Daily Prompt – Digging up your Digs

It’s been a while since I did one of these! Today’s daily prompt is:

500 years from now, an archaeologist accidentally stumbles on the ruins of your home, long buried underground. What will she learn about early-21st-century humans by going through (what remains of) your stuff?


What the archaeologist would find at the front of the house would much resemble what they would expect: technology. To the rear, where I am located, it would be similar to that found in the early 20th-century, the only difference would be the authors of the books and the printing and binging techniques of the books. This is what happens when a computer scientist lives with a Literature graduate and book enthusiast! Sorry Ms Archaeologist of the future, I ain’t making this easy for you!

But I can recommend literally anything from my bookcase, I’m just sad it got so damaged!


Daily Prompt – The name’s the thing

Daily Prompt:

Have you ever named an inanimate object? (Your car? Your laptop? The volleyball that kept you company while you were stranded in the ocean?) Share the story of at least one object with which you’re on a first-name basis.

I never give actual names to objects, but my laptop is my baby. I adopted her on the 13th November 2012, and though she has undergone surgery on two occasions we have been together almost constantly since. We’ve shared a lot of good times together, and she is the reason I got through my degree. People criticised her for being small, having Windows 8 and being touch screen, but I love her all the same. 

I’m not sure what I will do the day she finally leaves me.

Daily Prompt – Out of your Reach

Daily Prompt: Out of Your Reach

Was there a toy or thing you always wanted as a child, during the holidays or on your birthday, but never received?

When I was younger, I always wanted to be an amazing dancer. I had ballet and tap classes and did grade exams when I was younger, but eventually stopped a few years after my parents divorce because the travel and to-ing and fro-ing got too much. After that I did badminton and eventually found a Street Dance class to do one evening a week. The issue with Street Dance, I always thought, was that I was dancing in a studio and not on the street. I was learning the routine from someone else, it was often quote complex, but it wasn’t exactly true to the form for me. Anyway, I didn’t want to be a street dancer, I wanted to be a classical ballerina. I loved the discipline of the form. The way that the older girls were so confident and strong as we watched them stretch.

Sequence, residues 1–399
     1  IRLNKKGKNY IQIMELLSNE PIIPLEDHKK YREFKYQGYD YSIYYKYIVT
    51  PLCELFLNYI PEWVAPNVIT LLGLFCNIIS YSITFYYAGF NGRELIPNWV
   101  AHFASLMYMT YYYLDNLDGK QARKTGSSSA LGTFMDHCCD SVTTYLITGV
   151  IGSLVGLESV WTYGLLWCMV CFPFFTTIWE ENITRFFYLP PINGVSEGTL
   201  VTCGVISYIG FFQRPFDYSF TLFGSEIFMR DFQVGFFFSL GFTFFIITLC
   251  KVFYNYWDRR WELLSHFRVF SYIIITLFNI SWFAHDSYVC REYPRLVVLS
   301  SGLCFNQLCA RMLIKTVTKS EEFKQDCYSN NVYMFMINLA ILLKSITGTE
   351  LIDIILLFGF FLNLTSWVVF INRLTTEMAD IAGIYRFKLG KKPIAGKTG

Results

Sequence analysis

I never became them. Nor did I become particularly skilled as a dancer elsewhere (and my badminton skills are not the best). But what I did get to satisfy, somewhat, my desire for ballet was numerous books about girls learning ballet, which fuelled my fondness of literature and spurred me to think that perhaps one day I could be the writer inspiring little girls to dance.

If you read around on my blog, you’ll find that my interests have developed far beyond ballet, though I know that my children would definitely be introduced it at a young age, were I to have any. Ballet is good for strength, discipline and confidence. It is a beautiful activity. And whilst it may not be as cool as some of the more gothic interests I have developed, it remains a part of who I am.

I mean – I still have the slippers and certificates.

Daily Prompt – A Source of Anxiety

Today’s Daily Prompt led me back to a poem I wrote just under a year ago about the physicality of anxiety. I edited a little in line with the changes and experience a few months can bring.



red runs

down the lanes


through the tunnels

letting life

it maps


rushing rushing rushing


at the centre





the ground

is moving

shaking, trembling

you move

abandoning the epicentre

the walls crumble

everything collapses

zest lost

total desolation